Inspiration and DIY Home and Kitchen Remodel Ideas for a Victorian Look

Photo features Village Bend in Olive 6 x 6, 4-1/4 x 4-1/4 with 1 x 8 Torello and Metal Signatures in Aged Iron Trellis Deco 4-1/4 x 4-1/4, Chateau Ogee Liner 1-1/2 x 12 and Trellis Liner 3 x 12.

Photo features Village Bend in Olive 6 x 6, 4-1/4 x 4-1/4 with 1 x 8 Torello and Metal Signatures in Aged Iron Trellis Deco 4-1/4 x 4-1/4, Chateau Ogee Liner 1-1/2 x 12 and Trellis Liner 3 x 12.

 
 

Home and Kitchen Remodel Ideas for a Victorian Look

If you're looking for kitchen remodel ideas to turn your home into a showstopper, get inspired by the Victorians, who were well-known for installing ornate tin tiles on ceilings and wainscoting on walls. You don't need metal or lofty ceilings to recreate this look in your own residence. Instead, use tin's modern counterpart, metallic tile, to bring life to your walls, bathroom, kitchen backsplash, dining room, or wet bar.

Pressed metallic square tiles are available in various patterns and styles that first became popular during the Civil War. These durable, lightweight, and fireproof tiles were considered a thrifty alternative to fancy and heavier plaster design elements. During the post-war building boom, these tiles were often found in storefronts, schools, and residences. During the height of their popularity in the 1890s, the most widely requested tiles had the dramatic flourishes and embellishments favored by the Art Nouveau movement, and in the 1930s, geometric motifs were common. Tin wainscoting and ceilings fell out of favor after the Great Depression, only to be replaced by mostly plain white drywall ceilings.

Owners of old Victorian homes and downtown loft conversions have rediscovered the look of pressed tin. And owners of old homes like the look because it gives surfaces a certain sense of style and presence. Loft lovers enjoy the contrast of exposed brick, virgin timber, and instead of tin, new metallic tiles. Installed high up on a wall, metallic tiles draw the eye upward with their inherent drama, texture, and realistic vines, leaves, berries, and trellis work. **Daltile does not recommend tile for use on the ceiling.**

Here are a few home and kitchen remodel ideas featuring metallic tiles that you can use to liven up your own home, add some vintage flair, and spark a conversation with your guests.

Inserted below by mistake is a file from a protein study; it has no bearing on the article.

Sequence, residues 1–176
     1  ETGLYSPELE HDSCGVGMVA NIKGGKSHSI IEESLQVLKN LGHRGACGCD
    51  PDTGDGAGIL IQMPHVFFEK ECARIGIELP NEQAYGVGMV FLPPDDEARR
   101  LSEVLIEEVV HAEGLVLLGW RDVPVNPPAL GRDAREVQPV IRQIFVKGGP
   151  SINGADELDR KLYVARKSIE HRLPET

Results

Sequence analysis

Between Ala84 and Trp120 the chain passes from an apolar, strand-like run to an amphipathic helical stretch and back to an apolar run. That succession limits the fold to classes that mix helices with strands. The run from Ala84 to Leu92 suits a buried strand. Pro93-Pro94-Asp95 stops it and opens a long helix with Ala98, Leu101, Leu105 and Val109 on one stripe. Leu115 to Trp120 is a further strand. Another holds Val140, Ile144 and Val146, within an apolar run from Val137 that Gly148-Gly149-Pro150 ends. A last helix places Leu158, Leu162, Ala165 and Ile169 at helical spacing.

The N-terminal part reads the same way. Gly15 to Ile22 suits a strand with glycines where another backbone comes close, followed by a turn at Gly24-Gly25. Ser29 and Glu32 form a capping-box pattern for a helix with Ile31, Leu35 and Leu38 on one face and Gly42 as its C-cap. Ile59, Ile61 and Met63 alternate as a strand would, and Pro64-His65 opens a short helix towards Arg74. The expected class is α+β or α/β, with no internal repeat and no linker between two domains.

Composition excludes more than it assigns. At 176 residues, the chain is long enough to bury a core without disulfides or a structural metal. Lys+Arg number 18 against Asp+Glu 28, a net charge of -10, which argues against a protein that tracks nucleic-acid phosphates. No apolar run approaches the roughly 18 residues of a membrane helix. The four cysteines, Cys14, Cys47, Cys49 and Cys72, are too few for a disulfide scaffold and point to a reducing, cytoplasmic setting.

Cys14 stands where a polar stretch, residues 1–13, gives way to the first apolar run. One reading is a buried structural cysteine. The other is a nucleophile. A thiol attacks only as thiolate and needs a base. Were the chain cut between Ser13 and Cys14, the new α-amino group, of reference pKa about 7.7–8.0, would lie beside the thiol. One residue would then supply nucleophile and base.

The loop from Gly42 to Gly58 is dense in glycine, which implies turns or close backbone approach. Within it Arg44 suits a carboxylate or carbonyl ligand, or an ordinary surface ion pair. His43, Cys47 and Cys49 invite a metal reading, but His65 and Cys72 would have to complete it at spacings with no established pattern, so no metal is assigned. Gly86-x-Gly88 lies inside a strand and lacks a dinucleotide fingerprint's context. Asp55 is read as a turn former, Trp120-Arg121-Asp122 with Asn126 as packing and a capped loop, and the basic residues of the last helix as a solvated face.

Go Beyond the Ceiling

The Castle Metals line, which features an aged copper appearance, is a terrific way to capture the glamour of the Victorian era without the upkeep. Think about using these metallic tiles to create a fashionable sink or stove backsplash. For a nontraditional twist, consider using Metal Signatures arranged diagonally with some plain tiles interspersed between to break up your backsplash. You can also opt for the Metallica series for an Art Deco backsplash that recalls the 1930s. If you don't want to design a backsplash that's all metallic tile, try framing your refrigerator or appliance with Pewter Frieze accents. Or use Metal Fusion tiles in stainless steel for a decorative touch that your great grandparents could appreciate.

Photo features Village Bend in Olive 6 x 6, 4-1/4 x 4-1/4 with 1 x 8 Torello and Metal Signatures in Aged Iron Trellis Deco 4-1/4 x 4-1/4, Chateau Ogee Liner 1-1/2 x 12 and Trellis Liner 3 x 12.

For something really dramatic and different, take the tin ceiling look and apply it your floor. Look at old turn-of-the-century photos of storefront interiors for kitchen remodel ideas and inspiration. Use various matching tile with different motifs in the center of your floor, and then add a border of plain tile. Do the reverse on your kitchen countertop—use the plain tile in the center with a perimeter of embellished tile in the same color or a contrasting metallic hue.